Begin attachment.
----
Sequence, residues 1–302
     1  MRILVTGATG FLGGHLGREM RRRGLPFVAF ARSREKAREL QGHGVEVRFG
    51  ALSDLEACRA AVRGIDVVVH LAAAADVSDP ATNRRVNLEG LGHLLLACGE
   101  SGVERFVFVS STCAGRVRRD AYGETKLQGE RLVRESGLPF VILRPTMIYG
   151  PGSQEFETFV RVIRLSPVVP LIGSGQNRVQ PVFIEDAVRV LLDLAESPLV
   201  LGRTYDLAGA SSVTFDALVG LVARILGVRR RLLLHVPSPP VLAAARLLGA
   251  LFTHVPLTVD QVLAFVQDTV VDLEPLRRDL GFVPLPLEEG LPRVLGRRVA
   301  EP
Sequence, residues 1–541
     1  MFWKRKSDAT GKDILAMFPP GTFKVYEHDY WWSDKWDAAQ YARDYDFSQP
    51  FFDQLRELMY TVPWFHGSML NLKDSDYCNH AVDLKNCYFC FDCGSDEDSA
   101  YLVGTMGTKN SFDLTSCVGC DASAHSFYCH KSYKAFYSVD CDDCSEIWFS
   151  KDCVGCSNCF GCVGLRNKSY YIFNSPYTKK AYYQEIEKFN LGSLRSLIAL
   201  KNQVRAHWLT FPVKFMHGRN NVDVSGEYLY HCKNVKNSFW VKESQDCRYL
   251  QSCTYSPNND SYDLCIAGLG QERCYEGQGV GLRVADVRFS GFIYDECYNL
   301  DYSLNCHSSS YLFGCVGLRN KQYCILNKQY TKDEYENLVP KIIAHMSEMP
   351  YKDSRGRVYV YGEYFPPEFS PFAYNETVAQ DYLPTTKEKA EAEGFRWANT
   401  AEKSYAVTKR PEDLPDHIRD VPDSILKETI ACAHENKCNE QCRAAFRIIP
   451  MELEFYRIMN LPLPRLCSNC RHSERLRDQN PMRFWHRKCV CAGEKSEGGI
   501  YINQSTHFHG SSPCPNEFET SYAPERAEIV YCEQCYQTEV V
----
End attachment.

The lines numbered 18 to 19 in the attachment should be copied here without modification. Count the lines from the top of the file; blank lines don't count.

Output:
   401  AEKSYAVTKR PEDLPDHIRD VPDSILKETI ACAHENKCNE QCRAAFRIIP
   451  MELEFYRIMN LPLPRLCSNC RHSERLRDQN PMRFWHRKCV CAGEKSEGGI